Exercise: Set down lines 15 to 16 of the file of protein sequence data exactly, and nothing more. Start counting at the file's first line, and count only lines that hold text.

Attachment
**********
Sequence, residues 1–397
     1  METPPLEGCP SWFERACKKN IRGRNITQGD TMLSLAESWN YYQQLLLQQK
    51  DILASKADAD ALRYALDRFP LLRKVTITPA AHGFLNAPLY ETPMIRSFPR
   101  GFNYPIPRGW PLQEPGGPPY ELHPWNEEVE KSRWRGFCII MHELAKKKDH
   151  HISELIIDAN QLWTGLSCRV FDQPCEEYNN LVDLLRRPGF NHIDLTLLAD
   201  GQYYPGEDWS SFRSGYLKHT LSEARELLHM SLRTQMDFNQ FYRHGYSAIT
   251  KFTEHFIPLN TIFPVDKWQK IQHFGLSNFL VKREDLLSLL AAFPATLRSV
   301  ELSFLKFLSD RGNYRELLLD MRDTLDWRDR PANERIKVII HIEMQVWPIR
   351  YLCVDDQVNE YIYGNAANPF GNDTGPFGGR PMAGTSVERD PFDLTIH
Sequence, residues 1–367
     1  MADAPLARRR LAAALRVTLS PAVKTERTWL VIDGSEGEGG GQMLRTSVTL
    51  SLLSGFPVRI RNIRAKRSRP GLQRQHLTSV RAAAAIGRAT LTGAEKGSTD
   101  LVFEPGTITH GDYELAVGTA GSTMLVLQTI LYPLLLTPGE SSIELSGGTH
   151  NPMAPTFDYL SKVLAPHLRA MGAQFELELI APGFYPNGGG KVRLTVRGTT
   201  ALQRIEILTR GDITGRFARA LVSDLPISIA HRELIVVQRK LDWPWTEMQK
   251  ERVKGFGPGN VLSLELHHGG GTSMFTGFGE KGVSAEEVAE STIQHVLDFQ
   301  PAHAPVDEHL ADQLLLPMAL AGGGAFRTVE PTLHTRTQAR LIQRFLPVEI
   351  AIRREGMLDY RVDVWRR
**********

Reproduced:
   201  ALQRIEILTR GDITGRFARA LVSDLPISIA HRELIVVQRK LDWPWTEMQK
   251  ERVKGFGPGN VLSLELHHGG GTSMFTGFGE KGVSAEEVAE STIQHVLDFQ